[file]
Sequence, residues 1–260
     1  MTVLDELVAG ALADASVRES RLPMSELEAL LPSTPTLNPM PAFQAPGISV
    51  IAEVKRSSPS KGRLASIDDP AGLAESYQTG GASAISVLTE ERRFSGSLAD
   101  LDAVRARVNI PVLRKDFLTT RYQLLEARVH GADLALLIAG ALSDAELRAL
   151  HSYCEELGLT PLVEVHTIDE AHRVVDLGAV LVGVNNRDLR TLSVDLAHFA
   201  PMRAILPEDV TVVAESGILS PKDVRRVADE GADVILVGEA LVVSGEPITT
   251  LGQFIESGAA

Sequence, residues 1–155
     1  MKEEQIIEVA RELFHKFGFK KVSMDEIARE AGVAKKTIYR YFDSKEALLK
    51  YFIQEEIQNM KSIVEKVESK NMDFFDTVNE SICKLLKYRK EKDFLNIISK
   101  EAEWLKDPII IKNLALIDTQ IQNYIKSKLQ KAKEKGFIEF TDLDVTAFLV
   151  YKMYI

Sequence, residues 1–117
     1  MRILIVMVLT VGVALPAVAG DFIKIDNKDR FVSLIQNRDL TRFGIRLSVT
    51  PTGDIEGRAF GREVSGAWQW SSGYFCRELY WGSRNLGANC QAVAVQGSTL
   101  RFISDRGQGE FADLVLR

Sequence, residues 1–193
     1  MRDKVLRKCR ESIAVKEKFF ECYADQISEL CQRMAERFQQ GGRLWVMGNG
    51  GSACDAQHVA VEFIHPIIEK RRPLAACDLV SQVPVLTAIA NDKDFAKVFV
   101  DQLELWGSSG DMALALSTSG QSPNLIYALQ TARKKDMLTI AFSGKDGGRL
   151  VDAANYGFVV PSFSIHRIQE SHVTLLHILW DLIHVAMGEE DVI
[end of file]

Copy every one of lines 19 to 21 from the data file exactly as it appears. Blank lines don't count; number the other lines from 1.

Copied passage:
    51  GSACDAQHVA VEFIHPIIEK RRPLAACDLV SQVPVLTAIA NDKDFAKVFV
   101  DQLELWGSSG DMALALSTSG QSPNLIYALQ TARKKDMLTI AFSGKDGGRL
   151  VDAANYGFVV PSFSIHRIQE SHVTLLHILW DLIHVAMGEE DVI